Fuel & geopolitics force US airlines to revisit capacity projections


US trade policy whiplash and rising oil prices are combining to create looming uncertainty for US airlines even as demand and revenue trends remain solid. Delta Air Lines is the first US carrier to come forward and revise its 2Q2018 EPS forecast downward; the company also plans to examine its capacity forecast for the US autumn period through the lens of rising fuel costs and a still-strong demand environment.

It remains to be seen how growing trade tensions between the US and Canada, Mexico and Europe will affect both US and global air travel demand later in the year. IATA has warned airlines could be affected by a protectionist agenda while revising its forecast for global airline profitability downward.

With profits falling, oil prices rising and continuing geopolitical uncertainty, US airlines may find it necessary to revisit their capacity growth targets for 2018 after most of the country's airlines have initially planned solid year-on-year growth this year. And even as higher fuel costs generally lead to fare increases, there is a lag time for that correlation to set in.

  • US airlines are maintaining positive outlooks on demand despite geopolitical uncertainty and rising fuel costs.
  • Delta Air Lines has revised its 2Q2018 EPS forecast downward due to a 50% rise in fuel prices and plans to reevaluate its capacity growth for autumn 2018.
  • Growing trade tensions between the US and Canada, Mexico, and Europe could potentially affect air travel demand later in the year.
  • IATA has revised its global profit forecast for 2018 downward and warns of risks from protectionist agendas and geopolitical conflicts.
  • US airlines may need to adjust their capacity growth targets for 2018 due to falling profits, rising oil prices, and ongoing geopolitical uncertainty.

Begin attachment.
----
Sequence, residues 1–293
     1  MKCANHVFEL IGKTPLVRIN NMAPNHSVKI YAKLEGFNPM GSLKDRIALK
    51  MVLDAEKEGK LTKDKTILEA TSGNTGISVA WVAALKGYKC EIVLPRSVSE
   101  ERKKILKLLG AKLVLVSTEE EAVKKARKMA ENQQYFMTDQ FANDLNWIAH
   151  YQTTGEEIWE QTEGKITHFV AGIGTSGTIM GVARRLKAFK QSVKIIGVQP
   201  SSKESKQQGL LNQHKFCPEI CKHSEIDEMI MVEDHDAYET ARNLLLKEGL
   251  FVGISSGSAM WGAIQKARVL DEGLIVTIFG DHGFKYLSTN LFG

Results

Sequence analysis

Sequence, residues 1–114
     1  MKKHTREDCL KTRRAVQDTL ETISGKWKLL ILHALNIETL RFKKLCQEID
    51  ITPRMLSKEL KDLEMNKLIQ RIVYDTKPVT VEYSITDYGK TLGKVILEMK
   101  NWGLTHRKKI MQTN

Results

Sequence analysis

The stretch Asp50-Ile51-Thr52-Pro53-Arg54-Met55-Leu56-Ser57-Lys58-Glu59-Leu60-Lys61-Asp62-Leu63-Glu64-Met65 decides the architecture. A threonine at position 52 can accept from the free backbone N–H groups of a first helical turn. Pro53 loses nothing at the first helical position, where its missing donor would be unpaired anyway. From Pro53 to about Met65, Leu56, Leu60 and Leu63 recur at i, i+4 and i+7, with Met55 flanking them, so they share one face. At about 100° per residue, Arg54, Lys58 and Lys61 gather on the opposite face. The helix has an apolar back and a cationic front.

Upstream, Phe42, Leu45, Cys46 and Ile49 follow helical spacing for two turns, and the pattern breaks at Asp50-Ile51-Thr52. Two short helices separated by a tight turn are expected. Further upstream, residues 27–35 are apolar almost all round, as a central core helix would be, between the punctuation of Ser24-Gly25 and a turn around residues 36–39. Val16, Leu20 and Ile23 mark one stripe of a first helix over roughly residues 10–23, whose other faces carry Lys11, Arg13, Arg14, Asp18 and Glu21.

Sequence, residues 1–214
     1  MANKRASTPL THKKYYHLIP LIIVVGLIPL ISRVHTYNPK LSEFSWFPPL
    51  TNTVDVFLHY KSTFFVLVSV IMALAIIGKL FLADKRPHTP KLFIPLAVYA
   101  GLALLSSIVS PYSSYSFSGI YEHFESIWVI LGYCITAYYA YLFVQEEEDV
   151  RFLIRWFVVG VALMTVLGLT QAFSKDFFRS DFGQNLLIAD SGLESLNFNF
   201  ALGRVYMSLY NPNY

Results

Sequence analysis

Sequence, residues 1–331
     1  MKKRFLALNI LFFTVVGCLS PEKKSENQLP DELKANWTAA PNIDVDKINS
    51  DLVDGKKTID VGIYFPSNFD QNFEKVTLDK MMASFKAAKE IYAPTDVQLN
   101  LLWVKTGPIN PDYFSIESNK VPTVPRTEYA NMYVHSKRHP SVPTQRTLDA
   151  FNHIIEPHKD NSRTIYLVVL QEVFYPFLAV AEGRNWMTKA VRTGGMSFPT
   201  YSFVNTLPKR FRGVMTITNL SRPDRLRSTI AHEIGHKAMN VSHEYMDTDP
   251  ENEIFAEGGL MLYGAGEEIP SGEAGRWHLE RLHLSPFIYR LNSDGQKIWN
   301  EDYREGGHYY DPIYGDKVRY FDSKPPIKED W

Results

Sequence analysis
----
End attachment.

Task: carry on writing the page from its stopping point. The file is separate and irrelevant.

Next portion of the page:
• Despite higher fuel costs, fare increases may take time to materialize, leading to a lag in correlation between fuel prices and revenue generation.


  • US airlines are maintaining bullish views on demand - both in leisure and corporate segments - even as geopolitical uncertainty continues to grow and fuel prices climb
  • Delta Air Lines offers improved unit revenue guidance for 2Q2018, but lowers its EPS and margin forecasts
  • Delta is also the first US airline to come forward and state it will examine its planned capacity growth planned for autumn 2018

US airlines remain positive despite trade tiffs and rising fuel costs

At its recent AGM, IATA revised its global profit forecast for 2018 from USD38.4 billion to USD33.8 billion. The association also projects the full year average of Brent Crude to rise to USD70 per barrel versus a previous forecast of USD60.

IATA also believes airlines are at risks from "the advancement of political forces pushing a protectionist agenda, uncertainty following the US withdrawal from the Iran nuclear deal, lack of clarity on the impact of Brexit, numerous ongoing trade discussions and continuing geopolitical conflicts".

The US has instituted tariffs on steel (25%) and aluminum (10%) imports from its allies including Canada, Mexico and the European Union. All of those entities have plans to retaliate with their own tariffs totaling billions of dollars.

US airlines have had to monitor dizzying movements in US trade policy for months, starting with President Trump's decision to impose tariffs on certain Chinese imports. The tariffs on the EU are occurring as the trans-Atlantic is set to become one of the best performing geographical entities for American, Delta and United in 1H2018.